It is well worth noting that the Red King and White Queen are alchemical terms and the ‘chemical marriage’ is the joining of these two disparate gendered compounds. The Red King is sulphur and the White Queen is mercury. The Moors head, is the third element ‘negrido’

The egg hatches and a hungry bird emerges which they must feed on the blood of the beheaded kings and the ‘bird’ goes through several changes, turning black, then moulting all his ‘feathers’ which were replaced by white ones and the bird grew ‘tamer’ that is possibly, less chemically reactive. He was fed again and his feathers became all coloured. The water was evaporated off until a blue sediment or stone was left which was ground and painted onto the bird. After a break they were let into a fifth room where the bird was put into a milky looking bath and was covered with a fine white powder. The bath was heated slowly and they had to keep the bird from escaping from the hot bath. The bird lost all his feathers to the bath which appeared to be blue of colour.

The bird is a metaphor which represents both a chemical substance but also the alchemist involved in a transformative experience. The first stage observed was the black feathers, which is said by some traditions to represent the first stage of meditation when there is only darkness in the inner world. The next stage is the white bird, or white swan which is said to be the awakening of the etheric body of light. The next stage is the pelican, consciously being able to use the etheric body, followed by the Peacock which represents astral body consciousness and finally the phoenix which is the freeing of the spirit from the bounds of the physical.

Briefly, the alchemical transformation of the initiate is said to be a seven-stage process. The terms used to describe this transformation are also terms widely used in chemistry although a concept such a putrefaction, otherwise known as ‘negrido’ or blackening no longer has any particular scientific relevance, nor do the mediaeval chemical transformations of ‘whitening’ or ‘reddening’.

If we look at the alchemical process psychologically then it is clear we are looking at a transformation of a person’s character, behaviour and general outlook and from analysis the burning, melting and reconstitution terminology used it is clear that a very real ego-death is taking place. The question is how do you kill an ego and what does such a thing really mean or imply? Well, from examining the events of the Chymical Wedding we can see that confusion, foreboding, nervous tension, fear and terror, are all instilled in the….we might call him victim as much as initiate or candidate but I suppose like the term ‘mystae’ since this word represents he who undergoes the mysteries and fundamentally I believe all mysteries have had the same intention throughout the so-called religious cults of the ancient world, I say ‘so called’ because the beliefs of the Ancients cannot really be indulged with the term religion since its priests were knowingly using their secret knowledge of science to deliberately trick and mislead what we might call their flock of initiates. We have often heard how the priesthood exerted great power during the various periods of the roughly three-thousand-year period of generally acknowledged Ancient Egyptian history. Power is attained generally through knowledge though violence is another method though generally a much less reliable one, and even if violence is part of the acquisition of power, which in the case of the Arab conquests of the 7th Century, the acquisition of profound and deep knowledge following the violent conquest guaranteed the supremacy of the Arabs for several hundred years before the rise of the Turks who in their turn conquered through violence then knowledge.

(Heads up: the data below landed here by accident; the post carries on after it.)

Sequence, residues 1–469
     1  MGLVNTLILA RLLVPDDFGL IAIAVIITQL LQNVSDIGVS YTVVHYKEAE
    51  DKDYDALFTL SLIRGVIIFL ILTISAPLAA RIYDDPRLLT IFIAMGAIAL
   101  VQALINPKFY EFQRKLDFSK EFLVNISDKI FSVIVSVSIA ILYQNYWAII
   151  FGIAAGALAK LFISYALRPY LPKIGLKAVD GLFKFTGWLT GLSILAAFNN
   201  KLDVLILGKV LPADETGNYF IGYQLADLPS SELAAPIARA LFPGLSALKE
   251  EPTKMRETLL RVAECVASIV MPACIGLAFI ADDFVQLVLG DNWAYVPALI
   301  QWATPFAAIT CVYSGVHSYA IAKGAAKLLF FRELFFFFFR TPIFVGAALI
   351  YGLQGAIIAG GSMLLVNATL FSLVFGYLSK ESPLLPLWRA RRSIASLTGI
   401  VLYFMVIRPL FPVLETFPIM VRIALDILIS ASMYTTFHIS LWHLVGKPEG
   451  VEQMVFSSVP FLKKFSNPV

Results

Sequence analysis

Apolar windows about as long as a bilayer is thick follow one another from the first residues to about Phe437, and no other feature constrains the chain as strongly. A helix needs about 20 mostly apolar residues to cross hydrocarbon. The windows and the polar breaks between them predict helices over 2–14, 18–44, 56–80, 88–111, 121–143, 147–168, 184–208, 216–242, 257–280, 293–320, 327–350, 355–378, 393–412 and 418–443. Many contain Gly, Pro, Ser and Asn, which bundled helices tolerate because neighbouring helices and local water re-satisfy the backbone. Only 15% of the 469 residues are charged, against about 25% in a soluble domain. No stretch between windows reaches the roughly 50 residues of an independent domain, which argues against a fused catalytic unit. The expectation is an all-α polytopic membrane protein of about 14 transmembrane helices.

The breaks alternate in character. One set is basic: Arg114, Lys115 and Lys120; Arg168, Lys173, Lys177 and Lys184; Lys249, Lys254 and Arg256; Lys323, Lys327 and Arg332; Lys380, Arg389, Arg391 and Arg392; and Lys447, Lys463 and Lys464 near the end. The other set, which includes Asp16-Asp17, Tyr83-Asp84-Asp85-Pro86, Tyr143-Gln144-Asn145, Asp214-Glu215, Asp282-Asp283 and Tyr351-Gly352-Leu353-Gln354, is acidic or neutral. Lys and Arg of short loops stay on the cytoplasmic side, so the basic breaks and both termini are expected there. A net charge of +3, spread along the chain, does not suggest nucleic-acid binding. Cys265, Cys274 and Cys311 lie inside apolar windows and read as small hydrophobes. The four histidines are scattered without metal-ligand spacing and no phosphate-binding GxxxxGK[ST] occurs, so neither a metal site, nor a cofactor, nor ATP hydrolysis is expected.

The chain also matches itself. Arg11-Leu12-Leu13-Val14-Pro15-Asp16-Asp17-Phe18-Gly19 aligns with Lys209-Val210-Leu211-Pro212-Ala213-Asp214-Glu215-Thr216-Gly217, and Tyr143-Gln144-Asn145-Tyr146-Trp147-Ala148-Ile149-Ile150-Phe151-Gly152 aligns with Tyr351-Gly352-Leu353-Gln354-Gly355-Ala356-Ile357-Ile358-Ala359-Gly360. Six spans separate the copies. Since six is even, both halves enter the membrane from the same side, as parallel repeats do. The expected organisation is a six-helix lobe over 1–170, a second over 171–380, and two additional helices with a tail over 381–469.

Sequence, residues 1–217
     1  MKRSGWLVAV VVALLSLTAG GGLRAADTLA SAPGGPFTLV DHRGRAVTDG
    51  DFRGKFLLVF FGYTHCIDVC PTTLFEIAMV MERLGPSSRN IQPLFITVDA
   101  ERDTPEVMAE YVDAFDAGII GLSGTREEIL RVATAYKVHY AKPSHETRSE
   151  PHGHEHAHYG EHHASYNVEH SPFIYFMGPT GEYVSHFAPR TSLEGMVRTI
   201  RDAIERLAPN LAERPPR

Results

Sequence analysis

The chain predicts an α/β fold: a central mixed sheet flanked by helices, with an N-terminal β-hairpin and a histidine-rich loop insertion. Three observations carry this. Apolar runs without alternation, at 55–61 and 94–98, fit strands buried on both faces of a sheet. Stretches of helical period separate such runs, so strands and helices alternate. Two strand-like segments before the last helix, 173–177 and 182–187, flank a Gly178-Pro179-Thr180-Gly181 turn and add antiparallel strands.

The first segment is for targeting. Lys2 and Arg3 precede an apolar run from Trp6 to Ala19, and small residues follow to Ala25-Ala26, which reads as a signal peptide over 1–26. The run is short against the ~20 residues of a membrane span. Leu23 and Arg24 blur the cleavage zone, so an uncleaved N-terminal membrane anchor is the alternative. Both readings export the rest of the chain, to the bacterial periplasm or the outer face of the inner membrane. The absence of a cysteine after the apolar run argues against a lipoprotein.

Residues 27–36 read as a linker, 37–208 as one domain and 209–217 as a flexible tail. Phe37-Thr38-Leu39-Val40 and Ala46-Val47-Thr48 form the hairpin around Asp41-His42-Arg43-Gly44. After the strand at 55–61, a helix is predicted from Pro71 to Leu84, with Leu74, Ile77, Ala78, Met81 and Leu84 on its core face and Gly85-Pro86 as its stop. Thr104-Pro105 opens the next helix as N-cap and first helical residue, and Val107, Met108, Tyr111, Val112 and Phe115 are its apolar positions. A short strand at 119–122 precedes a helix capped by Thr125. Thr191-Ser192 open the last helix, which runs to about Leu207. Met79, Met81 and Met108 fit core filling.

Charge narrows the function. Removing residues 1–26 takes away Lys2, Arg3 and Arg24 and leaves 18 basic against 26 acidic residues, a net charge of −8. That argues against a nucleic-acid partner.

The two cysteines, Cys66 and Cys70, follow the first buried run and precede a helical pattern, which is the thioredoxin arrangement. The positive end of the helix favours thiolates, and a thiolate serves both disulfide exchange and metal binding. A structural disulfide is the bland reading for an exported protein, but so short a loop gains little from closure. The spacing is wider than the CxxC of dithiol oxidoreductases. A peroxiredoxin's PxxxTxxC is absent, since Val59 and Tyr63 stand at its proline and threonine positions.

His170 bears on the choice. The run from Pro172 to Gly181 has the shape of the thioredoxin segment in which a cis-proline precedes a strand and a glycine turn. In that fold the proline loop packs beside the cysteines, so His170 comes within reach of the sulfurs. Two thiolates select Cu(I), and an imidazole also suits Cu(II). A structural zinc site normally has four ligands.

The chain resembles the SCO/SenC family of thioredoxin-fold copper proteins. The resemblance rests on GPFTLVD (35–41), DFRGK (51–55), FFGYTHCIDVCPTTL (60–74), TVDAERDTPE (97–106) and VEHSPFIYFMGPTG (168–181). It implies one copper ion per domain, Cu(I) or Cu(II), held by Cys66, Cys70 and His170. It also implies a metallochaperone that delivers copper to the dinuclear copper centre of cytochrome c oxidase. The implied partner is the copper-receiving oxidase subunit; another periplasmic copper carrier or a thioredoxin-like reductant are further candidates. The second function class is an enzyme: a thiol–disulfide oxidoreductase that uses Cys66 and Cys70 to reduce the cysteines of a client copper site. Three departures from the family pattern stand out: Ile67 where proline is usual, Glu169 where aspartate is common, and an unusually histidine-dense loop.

To make things even stranger and more confusing, the experiment and the terminology used in the Chymical Wedding is strongly suggestive of the experiment described in the 16th Century alchemical treatise The Rosarium Philosophorum. The Name Rosarium or Rosary does not refer to the Catholic Rosary beads but to a ‘rose garden’ as a metaphor for wise-sayings but just as likely the Rosarium evokes the Rosicrucians since it is so close in its content to the Chymical Wedding.